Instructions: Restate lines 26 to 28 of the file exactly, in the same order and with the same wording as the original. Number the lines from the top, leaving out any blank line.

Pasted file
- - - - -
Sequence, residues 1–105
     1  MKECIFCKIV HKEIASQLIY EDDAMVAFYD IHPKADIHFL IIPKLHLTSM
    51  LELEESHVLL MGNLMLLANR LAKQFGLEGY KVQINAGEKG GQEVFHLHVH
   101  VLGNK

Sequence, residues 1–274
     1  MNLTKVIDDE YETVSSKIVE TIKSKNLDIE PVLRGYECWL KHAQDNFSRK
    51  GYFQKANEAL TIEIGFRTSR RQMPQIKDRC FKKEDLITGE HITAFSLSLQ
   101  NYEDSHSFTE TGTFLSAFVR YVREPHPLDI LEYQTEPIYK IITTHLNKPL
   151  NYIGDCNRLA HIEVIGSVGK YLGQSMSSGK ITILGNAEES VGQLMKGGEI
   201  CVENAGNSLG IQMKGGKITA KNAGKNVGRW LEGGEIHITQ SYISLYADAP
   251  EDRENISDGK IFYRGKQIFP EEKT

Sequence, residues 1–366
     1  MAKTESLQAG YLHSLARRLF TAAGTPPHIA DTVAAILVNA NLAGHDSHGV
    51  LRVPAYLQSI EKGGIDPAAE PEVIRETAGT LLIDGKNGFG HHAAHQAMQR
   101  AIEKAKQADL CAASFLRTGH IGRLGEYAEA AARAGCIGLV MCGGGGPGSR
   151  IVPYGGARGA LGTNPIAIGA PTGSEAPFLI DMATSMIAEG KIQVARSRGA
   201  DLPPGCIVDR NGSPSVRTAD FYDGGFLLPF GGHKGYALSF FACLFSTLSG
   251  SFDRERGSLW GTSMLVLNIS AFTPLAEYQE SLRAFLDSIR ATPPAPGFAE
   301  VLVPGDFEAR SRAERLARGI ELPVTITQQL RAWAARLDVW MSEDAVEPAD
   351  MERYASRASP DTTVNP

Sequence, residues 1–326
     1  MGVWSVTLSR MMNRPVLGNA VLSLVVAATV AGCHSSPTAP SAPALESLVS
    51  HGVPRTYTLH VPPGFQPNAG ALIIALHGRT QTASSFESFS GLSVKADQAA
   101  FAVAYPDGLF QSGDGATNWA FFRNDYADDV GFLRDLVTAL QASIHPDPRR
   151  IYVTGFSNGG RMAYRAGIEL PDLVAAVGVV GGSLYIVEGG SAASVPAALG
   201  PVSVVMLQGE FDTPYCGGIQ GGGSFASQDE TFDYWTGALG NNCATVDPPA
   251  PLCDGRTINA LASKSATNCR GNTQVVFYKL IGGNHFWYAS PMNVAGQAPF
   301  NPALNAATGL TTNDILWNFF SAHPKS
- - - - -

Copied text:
   201  PVSVVMLQGE FDTPYCGGIQ GGGSFASQDE TFDYWTGALG NNCATVDPPA
   251  PLCDGRTINA LASKSATNCR GNTQVVFYKL IGGNHFWYAS PMNVAGQAPF
   301  NPALNAATGL TTNDILWNFF SAHPKS